The first thing we drove through was part of the Wild at Heart film set. Since the tour was of the game reserve our driver obviously wasn't intending to stop but when he saw Carmel surrupticiously taking a picture he stopped the jeep whereupon Em-J and I both pulled out our cameras and started excitedly taking pictures. The German tourists looked very confused at the crazy English and Irish girls taking photos of fake buildings some of which were obviously just wooden boards. The tour guide saw their confused expressions and said 'It's the film set for a British TV series'. The
Germans looked a moment longer, then pulled their cameras out, obviously deciding it must be worth having a photo of then!
We drove on and saw our first animals, a female elephant with two calves. We were told one calf was her own and the other was an orphan she had adopted. Our guide gave us a quick lecture on elephants and then jumped out of the jeep and said 'come on, hop out'. It took us all a minute to realise we were actually allowed to get out and go and meet the elephants. The elephant handlers were sitting nearby and came to join us and make sure the elephants were happy with us being there. We were able to walk right up beside them and pose for pictures. The calves were quite happy for us to touch them and carried on pulling leaves from the bushes as we stood there. The guide asked if we wanted a photo with the mother as well so the three of us ran round to the front and handed over our cameras. We successfully got a picture on the first camera. The second time around we were all happily posing when the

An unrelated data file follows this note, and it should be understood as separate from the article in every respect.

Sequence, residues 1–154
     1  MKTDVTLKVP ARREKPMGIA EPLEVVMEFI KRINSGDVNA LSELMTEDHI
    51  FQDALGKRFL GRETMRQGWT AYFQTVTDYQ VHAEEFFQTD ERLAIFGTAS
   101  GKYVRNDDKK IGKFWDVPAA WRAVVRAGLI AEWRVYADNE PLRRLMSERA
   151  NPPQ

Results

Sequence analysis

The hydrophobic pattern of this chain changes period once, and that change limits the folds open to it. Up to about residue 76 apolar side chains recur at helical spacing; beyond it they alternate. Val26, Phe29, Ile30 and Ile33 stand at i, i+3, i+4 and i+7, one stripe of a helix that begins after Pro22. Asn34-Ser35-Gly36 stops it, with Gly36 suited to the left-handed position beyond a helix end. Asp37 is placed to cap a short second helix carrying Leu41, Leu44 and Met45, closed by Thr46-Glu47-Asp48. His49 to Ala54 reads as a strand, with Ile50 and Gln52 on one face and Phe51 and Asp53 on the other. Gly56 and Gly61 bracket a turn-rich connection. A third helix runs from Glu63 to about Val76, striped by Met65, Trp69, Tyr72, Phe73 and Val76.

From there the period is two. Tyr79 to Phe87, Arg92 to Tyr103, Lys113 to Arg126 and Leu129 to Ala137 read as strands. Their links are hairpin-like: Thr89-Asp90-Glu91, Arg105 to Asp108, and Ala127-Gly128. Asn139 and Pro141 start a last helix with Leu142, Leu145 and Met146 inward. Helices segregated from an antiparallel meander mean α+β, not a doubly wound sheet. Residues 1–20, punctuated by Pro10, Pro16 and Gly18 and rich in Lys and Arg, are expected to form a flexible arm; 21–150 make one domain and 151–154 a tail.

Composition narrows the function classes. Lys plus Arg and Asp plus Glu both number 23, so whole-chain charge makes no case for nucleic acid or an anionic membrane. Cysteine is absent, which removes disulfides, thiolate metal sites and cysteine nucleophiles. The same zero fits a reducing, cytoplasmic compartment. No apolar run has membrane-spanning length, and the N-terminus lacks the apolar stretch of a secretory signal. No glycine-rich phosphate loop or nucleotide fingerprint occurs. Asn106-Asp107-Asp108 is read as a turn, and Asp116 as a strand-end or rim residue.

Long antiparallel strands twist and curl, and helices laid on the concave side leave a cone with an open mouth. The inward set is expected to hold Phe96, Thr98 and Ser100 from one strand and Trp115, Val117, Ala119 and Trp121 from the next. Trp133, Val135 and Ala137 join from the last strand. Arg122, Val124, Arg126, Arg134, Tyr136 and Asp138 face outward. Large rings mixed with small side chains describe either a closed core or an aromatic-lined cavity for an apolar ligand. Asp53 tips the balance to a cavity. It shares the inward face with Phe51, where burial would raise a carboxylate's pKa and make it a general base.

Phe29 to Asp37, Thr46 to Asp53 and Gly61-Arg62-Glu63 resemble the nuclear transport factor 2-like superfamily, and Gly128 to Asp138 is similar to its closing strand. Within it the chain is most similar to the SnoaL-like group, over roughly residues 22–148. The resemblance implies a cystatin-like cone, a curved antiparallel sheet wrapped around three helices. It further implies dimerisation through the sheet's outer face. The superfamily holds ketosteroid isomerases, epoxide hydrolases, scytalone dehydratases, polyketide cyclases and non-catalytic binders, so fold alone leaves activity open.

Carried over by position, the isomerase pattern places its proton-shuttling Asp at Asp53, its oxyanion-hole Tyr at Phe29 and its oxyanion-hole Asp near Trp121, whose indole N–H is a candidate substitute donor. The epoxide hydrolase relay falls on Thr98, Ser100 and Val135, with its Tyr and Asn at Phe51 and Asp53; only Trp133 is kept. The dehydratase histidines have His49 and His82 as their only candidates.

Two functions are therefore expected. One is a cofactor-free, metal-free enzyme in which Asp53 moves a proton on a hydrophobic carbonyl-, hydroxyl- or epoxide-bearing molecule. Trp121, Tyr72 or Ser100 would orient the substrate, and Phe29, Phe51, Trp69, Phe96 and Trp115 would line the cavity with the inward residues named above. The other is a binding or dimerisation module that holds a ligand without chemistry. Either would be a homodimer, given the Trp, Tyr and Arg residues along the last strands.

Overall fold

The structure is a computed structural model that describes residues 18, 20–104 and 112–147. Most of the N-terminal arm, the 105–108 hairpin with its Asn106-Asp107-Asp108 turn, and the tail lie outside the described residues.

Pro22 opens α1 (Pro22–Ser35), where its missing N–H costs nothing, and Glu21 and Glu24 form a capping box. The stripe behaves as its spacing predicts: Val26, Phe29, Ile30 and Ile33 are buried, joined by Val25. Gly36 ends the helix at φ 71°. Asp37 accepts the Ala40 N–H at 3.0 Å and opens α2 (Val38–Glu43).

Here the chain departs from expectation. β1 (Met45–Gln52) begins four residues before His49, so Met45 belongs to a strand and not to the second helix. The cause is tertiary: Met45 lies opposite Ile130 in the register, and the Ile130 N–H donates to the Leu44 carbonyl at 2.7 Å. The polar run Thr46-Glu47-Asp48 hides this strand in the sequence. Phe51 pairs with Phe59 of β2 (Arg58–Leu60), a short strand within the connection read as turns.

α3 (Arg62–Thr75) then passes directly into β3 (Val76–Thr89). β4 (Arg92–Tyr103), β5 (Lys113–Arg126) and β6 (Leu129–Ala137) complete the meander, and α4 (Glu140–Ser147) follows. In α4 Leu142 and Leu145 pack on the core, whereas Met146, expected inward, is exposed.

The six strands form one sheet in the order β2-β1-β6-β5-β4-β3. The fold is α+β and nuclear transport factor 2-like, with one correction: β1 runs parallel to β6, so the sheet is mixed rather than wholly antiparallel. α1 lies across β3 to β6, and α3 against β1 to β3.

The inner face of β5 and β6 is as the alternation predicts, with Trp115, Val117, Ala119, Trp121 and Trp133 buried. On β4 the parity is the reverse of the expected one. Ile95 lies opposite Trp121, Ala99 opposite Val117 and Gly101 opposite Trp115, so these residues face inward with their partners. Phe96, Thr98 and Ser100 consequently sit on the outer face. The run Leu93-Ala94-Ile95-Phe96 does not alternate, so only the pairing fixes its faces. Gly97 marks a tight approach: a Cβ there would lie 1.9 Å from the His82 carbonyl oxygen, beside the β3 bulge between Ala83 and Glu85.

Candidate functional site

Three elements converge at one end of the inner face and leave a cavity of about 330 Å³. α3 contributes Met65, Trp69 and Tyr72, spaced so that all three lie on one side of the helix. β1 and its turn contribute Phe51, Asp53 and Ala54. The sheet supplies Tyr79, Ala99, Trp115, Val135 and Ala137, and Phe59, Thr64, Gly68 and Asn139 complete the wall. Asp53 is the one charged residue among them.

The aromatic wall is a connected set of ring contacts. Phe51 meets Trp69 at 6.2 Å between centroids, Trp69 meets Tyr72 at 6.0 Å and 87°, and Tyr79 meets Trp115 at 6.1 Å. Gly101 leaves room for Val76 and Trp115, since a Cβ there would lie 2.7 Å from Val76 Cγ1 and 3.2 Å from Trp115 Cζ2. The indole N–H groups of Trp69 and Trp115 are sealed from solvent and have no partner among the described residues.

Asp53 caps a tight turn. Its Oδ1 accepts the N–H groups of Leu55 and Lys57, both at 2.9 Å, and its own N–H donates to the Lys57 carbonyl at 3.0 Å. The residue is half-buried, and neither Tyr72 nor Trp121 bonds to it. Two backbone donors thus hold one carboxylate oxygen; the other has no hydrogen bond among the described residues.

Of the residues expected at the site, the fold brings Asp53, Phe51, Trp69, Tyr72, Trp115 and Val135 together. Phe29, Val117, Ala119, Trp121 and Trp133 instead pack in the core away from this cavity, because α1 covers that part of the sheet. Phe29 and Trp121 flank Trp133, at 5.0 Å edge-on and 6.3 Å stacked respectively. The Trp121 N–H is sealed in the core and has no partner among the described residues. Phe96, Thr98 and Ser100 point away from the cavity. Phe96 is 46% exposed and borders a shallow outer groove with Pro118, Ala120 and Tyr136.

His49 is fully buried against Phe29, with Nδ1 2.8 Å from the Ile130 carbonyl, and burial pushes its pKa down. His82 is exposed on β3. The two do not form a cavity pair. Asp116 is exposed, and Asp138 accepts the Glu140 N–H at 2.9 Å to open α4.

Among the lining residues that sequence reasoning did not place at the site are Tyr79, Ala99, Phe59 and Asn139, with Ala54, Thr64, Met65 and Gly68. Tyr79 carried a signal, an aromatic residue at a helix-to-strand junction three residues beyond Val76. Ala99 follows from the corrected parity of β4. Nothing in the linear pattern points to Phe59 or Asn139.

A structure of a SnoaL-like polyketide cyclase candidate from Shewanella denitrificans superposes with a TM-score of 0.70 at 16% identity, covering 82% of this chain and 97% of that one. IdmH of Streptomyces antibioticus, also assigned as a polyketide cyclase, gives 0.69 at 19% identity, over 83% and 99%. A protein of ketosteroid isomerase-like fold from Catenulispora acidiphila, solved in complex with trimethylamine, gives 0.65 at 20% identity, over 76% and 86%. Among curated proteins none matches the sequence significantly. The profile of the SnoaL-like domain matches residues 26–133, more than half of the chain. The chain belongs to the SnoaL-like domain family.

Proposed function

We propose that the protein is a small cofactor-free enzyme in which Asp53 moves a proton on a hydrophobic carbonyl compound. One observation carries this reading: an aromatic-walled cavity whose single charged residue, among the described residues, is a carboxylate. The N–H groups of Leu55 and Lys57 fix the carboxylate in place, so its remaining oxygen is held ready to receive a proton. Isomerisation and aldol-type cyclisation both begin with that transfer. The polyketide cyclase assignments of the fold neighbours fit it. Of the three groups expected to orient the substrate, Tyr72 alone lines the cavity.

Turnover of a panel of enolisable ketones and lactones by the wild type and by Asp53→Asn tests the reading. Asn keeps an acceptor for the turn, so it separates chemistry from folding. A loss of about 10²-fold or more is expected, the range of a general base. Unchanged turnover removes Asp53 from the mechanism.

baby came running up behind us and bowled into the backs of my knees causing me to almost sit down (quite glad I didn't as I wouldn't fancy having my fingers trodden on by an elephant!). The mother moved so for the third camera we posed our picture all peering through her trunk from behind! We stayed some time with the elephants and even when our tour guide promised us there was more to come we were reluctant to leave the beautiful animals.